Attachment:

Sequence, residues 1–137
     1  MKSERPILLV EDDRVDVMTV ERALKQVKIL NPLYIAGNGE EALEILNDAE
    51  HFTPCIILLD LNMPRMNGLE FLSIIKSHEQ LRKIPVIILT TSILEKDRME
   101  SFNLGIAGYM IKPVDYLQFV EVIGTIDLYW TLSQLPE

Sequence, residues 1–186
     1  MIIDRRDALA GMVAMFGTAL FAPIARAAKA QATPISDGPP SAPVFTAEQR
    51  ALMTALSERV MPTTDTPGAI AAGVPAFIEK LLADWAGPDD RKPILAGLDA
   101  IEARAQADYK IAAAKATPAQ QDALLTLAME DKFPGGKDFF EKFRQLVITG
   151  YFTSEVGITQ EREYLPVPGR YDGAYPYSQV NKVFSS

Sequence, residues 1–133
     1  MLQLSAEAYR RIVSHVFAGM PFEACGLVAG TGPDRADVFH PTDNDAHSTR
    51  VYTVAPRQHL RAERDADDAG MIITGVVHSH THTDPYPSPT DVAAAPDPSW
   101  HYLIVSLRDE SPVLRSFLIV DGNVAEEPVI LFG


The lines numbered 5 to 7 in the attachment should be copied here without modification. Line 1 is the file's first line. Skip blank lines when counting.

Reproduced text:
Sequence, residues 1–186
     1  MIIDRRDALA GMVAMFGTAL FAPIARAAKA QATPISDGPP SAPVFTAEQR
    51  ALMTALSERV MPTTDTPGAI AAGVPAFIEK LLADWAGPDD RKPILAGLDA